Mind the gap
Pitches up in the zone lead to gap hits as Great Falls tops Rox
There’s a reason Tony Diaz and Ryan Kibler preach keeping the ball down in the strike zone.
That’s because when the Grand Junction Rockies’ pitchers leave the ball up, they get gapped.
Great Falls took advantage of pitches left up in the zone to the tune of a 16-hit attack Friday in the Voyagers’ 8-5 win at Suplizio Field. It snapped the Rockies’ five-game winning streak.
“It’s one of those games,” Diaz said. “They had what, three, four times as many hits as we did? (Actually, it a little more than double, 16-7.) You have to give them credit. When we pitch up, the opposition takes advantage of that and they did that tonight.”
Ryan Warner started out well for the Rockies, getting through the first two innings with only two hits against him, then hit a batter to lead off the third.
“We’ve really been working on the fastball and throwing it for strikes and trying to get that first-pitch fastball for strikes and I did a pretty good job with that,” Warner said. “I’m still working with (not leaving) the ball up. That’s one thing I have to work on, keeping it low because that’s when I get hurt, when I leave it up.”
That’s what happened in the third and fourth innings.
A base hit, stolen base and a throwing error later, the Voyagers had one run in, and a fly ball to left made it 2-1.
Warner, who is 6 feet, 7 inches tall, is still adjusting his mechanics to keep the ball down in the strike zone, something a little more challenging for a guy his height.
“You’ve really got to reach out and lunge out as far as you can toward the plate,” Warner said. “When I leave it high, it’s when I’m releasing it way up. I’ve just got to reach out.”
Normally at this time of year, Warner is wrapping up two-a-day football practices — he was a standout quarterback at Pine Creek in Colorado Springs. He’s not really missing football camp, and there’s a bonus to being in Grand Junction as school gets started.
“I knew I wanted to do baseball my whole life, and being able to pitch for the Rockies, there’s nothing else I can ask for,” he said. “I’ve still got my football buddies, they’re in town playing for Mesa, so I get to talk to them and go out and see a few practices.”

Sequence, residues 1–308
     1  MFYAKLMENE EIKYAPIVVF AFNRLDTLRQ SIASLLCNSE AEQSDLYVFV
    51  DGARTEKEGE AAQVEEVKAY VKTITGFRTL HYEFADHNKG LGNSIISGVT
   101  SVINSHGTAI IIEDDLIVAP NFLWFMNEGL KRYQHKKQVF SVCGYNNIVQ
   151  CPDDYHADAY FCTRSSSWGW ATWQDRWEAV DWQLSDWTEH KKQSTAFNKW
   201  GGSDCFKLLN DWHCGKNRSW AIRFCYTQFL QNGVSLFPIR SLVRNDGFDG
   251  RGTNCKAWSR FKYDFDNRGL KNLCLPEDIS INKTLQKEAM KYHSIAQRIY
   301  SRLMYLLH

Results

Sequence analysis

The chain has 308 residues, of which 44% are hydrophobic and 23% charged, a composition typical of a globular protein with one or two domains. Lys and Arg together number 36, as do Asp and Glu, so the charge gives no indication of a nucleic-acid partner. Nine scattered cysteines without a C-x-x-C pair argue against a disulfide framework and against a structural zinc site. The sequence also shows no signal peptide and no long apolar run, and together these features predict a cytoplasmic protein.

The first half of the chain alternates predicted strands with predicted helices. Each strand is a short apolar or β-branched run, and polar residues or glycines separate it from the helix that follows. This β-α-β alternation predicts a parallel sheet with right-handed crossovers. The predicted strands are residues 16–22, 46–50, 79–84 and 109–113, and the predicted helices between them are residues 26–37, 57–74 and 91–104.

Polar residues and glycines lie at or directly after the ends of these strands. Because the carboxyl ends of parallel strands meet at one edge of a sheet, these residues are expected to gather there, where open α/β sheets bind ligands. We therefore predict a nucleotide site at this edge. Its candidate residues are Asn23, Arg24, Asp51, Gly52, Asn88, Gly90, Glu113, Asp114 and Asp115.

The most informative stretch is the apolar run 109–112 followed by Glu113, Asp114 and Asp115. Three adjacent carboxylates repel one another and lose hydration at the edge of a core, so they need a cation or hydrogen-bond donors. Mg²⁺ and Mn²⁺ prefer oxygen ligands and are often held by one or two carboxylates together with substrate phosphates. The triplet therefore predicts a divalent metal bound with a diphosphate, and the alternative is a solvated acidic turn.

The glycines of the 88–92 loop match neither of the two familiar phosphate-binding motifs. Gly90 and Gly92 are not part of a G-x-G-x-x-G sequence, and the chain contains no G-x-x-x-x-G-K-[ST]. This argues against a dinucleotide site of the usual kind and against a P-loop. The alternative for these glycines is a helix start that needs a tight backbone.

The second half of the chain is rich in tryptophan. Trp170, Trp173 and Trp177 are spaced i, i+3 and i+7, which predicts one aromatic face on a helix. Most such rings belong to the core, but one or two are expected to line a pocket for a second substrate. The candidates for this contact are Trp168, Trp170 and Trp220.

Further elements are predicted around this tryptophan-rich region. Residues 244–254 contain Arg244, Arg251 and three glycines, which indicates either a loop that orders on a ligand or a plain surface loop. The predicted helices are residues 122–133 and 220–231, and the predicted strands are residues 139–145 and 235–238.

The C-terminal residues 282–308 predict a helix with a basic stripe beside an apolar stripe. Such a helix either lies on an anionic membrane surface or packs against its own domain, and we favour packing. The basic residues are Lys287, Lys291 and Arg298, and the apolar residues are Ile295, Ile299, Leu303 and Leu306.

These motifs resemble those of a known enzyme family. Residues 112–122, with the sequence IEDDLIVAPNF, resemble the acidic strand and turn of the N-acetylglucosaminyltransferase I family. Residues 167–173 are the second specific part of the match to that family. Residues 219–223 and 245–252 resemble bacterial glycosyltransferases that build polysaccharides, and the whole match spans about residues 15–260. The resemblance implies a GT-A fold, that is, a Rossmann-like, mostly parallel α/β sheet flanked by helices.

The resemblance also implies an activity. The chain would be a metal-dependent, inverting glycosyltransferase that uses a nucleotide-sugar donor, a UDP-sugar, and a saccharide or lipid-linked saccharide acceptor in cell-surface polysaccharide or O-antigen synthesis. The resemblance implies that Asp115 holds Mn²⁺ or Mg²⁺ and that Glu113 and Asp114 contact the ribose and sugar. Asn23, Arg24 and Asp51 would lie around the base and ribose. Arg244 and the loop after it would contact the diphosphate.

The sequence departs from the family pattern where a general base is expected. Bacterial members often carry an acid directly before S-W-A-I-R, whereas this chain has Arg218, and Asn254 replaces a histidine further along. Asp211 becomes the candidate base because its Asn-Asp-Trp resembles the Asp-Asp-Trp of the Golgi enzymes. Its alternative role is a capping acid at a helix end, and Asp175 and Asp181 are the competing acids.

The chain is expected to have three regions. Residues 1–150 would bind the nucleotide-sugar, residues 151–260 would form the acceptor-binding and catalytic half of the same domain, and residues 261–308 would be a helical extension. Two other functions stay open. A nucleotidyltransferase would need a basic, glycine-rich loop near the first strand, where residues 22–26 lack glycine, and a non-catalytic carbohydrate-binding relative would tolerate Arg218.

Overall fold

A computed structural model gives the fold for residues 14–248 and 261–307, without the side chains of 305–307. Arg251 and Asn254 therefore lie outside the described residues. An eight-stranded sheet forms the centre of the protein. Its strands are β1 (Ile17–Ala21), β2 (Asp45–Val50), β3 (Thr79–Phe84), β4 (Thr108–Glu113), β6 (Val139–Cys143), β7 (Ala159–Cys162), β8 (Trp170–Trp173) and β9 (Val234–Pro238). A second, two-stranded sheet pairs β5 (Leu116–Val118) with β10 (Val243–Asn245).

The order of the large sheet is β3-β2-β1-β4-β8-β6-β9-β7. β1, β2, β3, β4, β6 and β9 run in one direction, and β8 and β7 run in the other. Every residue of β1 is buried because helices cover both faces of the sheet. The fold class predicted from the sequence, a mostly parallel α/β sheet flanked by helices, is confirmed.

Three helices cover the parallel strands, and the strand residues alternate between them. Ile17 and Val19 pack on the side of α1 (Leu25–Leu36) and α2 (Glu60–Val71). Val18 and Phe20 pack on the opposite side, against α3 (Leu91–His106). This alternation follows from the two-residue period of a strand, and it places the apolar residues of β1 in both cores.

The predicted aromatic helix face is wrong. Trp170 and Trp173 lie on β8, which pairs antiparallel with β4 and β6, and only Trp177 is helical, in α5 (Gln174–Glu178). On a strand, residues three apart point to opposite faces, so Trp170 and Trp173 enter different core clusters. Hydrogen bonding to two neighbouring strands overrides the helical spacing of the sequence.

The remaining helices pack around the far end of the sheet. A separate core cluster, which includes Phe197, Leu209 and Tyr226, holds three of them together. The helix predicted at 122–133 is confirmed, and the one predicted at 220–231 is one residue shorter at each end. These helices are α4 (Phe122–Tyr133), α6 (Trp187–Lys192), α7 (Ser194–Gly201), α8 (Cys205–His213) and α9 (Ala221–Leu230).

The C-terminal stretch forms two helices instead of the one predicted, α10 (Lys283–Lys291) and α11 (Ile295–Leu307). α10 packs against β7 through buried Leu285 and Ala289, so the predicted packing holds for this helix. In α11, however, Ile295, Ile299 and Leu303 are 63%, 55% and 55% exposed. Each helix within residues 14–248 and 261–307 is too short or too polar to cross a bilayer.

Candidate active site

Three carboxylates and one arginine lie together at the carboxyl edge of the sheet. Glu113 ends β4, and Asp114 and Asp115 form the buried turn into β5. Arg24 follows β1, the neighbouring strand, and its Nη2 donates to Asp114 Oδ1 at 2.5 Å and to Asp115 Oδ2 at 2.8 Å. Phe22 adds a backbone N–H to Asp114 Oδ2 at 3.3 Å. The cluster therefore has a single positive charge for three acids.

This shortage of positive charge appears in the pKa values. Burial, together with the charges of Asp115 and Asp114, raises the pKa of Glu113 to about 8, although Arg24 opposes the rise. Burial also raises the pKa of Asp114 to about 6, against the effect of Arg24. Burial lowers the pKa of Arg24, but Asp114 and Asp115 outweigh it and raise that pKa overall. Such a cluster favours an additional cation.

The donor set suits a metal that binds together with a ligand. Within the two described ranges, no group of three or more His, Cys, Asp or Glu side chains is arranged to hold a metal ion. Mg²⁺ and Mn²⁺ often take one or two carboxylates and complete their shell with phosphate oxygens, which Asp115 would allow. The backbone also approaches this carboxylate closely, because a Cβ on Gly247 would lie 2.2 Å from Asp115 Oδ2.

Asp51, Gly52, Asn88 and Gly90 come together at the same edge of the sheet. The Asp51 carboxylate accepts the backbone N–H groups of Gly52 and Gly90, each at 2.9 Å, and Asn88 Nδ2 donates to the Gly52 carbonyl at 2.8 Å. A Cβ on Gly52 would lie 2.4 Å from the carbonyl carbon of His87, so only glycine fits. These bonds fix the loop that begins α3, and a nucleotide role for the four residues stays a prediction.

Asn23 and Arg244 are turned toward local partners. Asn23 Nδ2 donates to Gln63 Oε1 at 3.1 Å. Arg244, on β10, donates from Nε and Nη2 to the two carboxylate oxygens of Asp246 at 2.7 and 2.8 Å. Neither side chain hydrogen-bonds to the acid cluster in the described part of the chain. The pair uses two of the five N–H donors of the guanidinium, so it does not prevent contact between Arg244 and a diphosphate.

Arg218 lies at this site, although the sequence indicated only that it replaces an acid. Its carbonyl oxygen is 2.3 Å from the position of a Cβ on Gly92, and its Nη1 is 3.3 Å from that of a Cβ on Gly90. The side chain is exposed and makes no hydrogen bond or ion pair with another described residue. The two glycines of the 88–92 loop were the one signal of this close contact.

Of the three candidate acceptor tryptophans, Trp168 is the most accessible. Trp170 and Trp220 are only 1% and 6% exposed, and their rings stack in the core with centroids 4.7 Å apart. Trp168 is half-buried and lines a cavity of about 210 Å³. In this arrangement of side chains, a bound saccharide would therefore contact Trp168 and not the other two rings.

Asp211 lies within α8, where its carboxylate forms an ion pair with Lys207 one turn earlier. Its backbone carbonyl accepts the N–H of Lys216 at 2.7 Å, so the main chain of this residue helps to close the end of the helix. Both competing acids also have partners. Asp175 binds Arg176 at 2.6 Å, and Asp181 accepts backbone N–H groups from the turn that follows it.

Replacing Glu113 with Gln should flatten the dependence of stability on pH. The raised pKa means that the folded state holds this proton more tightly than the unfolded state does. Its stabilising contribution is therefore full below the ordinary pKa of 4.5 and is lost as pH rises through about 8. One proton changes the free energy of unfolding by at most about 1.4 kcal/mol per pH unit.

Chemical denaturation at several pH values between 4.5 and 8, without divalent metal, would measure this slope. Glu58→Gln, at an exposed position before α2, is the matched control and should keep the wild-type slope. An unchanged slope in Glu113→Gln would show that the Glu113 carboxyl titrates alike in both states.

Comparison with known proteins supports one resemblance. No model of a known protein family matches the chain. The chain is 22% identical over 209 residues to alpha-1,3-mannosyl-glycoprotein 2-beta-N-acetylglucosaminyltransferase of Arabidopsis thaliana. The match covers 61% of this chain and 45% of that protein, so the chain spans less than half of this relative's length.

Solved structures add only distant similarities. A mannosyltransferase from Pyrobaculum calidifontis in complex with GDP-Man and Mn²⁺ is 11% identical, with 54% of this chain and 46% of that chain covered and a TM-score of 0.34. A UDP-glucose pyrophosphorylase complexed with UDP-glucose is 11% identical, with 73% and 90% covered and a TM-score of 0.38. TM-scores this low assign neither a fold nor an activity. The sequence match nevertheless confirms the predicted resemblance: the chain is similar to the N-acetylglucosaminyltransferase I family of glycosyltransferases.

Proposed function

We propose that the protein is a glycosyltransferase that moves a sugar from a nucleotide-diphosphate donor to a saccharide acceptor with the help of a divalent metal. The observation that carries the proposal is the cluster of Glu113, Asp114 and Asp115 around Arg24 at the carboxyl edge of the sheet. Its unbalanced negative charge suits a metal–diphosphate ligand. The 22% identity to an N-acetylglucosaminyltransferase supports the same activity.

A leadoff double in the fourth was the first of back-to-back hits into the right-field corner, producing another run. A heads-up defensive play by Matt Wessinger helped slow that inning, when Zachary Voight grounded to short and Thomas McCarthy, who was at second, was running on contact.
Wessinger threw to Ashley Graeter to cut down the lead runner at third, and reliever Jesse Meaux only needed one pitch to get a double play to end the fourth.
David Dahl, whose 27-game hitting streak ended Thursday, tripled to the wall in right-center and scored on a bunt by Graeter in the first.
Grand Junction (30-27, 9-10) tied the game 3-3 without the benefit of a hit in the fourth inning.
Zach Toney walked three straight batters, and groundouts by Ben Waldrip and Wilfredo Rodriguez each got a run home.
Alving Mejias, who has been sharp out of the bullpen in a piggyback role with Warner, gave up four runs on six hits — five in a row – in the seventh inning. After Wessinger corralled a chopper that ticked off Graeter’s glove for an out, Micah Johnson beat out a bunt single.
Back-to-back singles followed, then a double off the wall in left-center by Kyle Robinson for a 6-3 lead. He came home after another base hit and a sacrifice fly.
Voight hit another double off the wall in left to put runners at second and third before second baseman Juan Ciriaco made a running catch in short center to end the inning.
And true to their nature, the Rockies rallied, but just didn’t have enough. Julian Yan hit his Pioneer League-leading 14th home run of the season to right after Jeff Popick singled with two out in the eighth.
Great Falls (29-28, 5-14) tacked on another run in the ninth.
With one out in the bottom of the ninth, Wessinger singled to left, but was thrown out trying to stretch it into a double, and Dahl flied out to left.
“This group doesn’t quit,” Diaz said. “We take it one day at a time. Tomorrow is the most important day. The resiliency of this group has been phenomenal. I have no complaints.”
The Rockies fell into fourth place in the South Division, three games behind Orem in the second-half standings. The other three South teams won Friday night, but with 19 games to play, there’s still time to make another late run like the Rockies did in the first half.
“Everybody’s starting to get the feel of it,” Warner said. “Making this run toward the playoffs toward the end is key. We’ve got to put together a huge (effort from) the pitching staff and get ready to get through that and try to win us a championship.”